Who Does the Problem Belong to … Really?
The words we say may never be forgotten. And while our rangatahi may pretend they are not listening to us, they are. Sure, they’ll roll their eyes. But they’re still listening.
Navigating the waters of parenting while guiding our rangatahi through the highs and lows of their friendships is a balancing act. There is a lot to consider.
We want them to be:
- Able to stand up for themselves
- Considerate of others
- Make their own decisions
- Remember and act on their values
- Stay safe
- Be happy
That’s a long list … of things that are ours. And yes, it’s nice if we’re in sync with our rangatahi on some of these points, but in the end, the way they navigate their friendships is something they learn to do by themselves. Like any skill, growing great friendships is something you learn to do. It’s a skill you practice. And, ideally, every time you practice, you learn something.
Parents, of course, have judgments about and opinions of the rangatahi their own rangatahi call friends. As a parent, we may choose to get to know a friend, to make them feel welcome in our homes, and to include them in family activities. The friendship may flourish, or it may not.
That’s not our call. Our role is being there for our rangatahi as an impartial observer. A person who is in their corner but not adding our opinions to the relationships our young person is involved in; being the parent who is friendly AND non-judgmental. The parent who is there to guide our rangatahi, not to control them.
If we can get this far, we have a very real shot at becoming the parent who can encourage our rangatahi to reflect on their friendship highs and lows. Reflection is so important, it helps our rangatahi to grow their knowledge of themselves: how they react, the things that make them tick, what’s acceptable to them or not, how they treat the things they value. Reflection is a key to understanding who they are being.
Getting to the place of being a trusted source of guidance is a place of aspiration for many parents of rangatahi. We may not approve of the friend, or friends, who our rangatahi has chosen to include in their friendship circle. But like so many parenting moments we have about our children, this is about them, it’s not about us. Letting go of this is hard for us.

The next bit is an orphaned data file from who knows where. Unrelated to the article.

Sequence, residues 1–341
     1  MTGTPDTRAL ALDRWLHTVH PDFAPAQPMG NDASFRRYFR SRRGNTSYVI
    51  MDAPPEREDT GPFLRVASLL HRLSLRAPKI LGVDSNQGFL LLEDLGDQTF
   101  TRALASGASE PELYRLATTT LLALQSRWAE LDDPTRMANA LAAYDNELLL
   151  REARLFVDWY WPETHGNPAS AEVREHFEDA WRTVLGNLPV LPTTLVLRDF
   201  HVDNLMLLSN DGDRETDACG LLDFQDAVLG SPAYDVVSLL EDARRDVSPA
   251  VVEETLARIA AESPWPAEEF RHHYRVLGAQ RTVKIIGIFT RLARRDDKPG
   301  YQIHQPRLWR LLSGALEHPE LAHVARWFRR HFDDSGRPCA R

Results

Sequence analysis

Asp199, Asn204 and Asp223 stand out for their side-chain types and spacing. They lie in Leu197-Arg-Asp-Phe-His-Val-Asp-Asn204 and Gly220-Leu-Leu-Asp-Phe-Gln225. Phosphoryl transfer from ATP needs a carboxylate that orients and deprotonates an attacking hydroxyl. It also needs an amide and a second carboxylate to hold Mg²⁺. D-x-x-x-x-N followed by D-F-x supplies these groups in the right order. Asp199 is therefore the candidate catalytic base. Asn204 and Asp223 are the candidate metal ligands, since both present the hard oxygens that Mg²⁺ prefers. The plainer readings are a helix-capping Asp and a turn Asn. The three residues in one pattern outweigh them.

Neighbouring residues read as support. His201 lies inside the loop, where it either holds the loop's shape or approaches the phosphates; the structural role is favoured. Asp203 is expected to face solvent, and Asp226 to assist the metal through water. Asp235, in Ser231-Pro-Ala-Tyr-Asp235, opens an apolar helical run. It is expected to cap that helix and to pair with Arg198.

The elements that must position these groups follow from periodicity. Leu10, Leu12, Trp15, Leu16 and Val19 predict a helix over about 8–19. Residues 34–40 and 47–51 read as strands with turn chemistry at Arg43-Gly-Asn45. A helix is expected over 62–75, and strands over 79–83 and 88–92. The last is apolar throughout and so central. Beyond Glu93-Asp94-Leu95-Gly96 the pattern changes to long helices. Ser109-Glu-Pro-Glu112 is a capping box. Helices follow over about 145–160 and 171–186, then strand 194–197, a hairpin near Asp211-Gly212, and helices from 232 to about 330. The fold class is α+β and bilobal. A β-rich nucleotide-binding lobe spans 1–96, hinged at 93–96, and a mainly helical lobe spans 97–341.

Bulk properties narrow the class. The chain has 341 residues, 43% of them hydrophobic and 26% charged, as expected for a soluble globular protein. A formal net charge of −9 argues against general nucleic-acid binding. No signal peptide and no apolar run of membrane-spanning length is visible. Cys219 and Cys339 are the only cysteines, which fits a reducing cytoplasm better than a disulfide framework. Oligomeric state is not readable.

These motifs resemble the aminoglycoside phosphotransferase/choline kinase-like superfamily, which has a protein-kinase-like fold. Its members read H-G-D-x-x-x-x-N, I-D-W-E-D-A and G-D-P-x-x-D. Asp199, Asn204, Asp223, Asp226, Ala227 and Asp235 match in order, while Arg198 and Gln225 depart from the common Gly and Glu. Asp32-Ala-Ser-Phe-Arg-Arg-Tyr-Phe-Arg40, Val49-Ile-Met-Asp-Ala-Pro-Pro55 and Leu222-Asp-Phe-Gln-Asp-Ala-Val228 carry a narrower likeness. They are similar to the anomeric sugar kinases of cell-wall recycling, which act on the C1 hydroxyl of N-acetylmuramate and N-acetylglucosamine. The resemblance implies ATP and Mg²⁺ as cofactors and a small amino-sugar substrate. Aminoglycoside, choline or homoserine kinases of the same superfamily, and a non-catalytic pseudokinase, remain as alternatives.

The friendships our rangatahi choose to invest in are their choice. Therefore, when things do not go smoothly and problems arise, the problems are also theirs. In the four quadrants of problem ownership, friendship issues sit in the ‘they have a problem’ quadrant. If for any reason, friendship issues fall into one of these two quadrants – we have a problem OR I have a problem – then as a parent, we have an opportunity to look within and work our way out of these problem quadrants. This is super important because, if we want to be our rangatahi’s guide, we can only be effective if we are removed from the intenseness of the problem. We have to be able to hold it at arm’s length in order to be in a position of guidance.
Of course, we’re still holding parental boundaries and keeping the container of our family rules safe and strong. I’m not suggesting for a minute that you adopt a let-the-friends-run-our-family attitude. This isn’t about our rangatahi doing whatever they please.
It’s about how we work with our rangatahi. Listening. Guiding. And loving them for the person they are becoming, as we allow ourselves to become the person we are meant to be. What we choose to focus on is what we amplify, in our lives and in the lives of our rangatahi.
While we often have the best intentions for a happier outcome, again, that outcome belongs to our rangatahi, not to us. If you’d like to explore this further, I encourage you to register here for this workshop on Navigating Teenage Friendships on Tuesday 22 February. With awareness comes knowledge, and with knowledge and experience comes wisdom. Don’t we all want that for our rangatahi?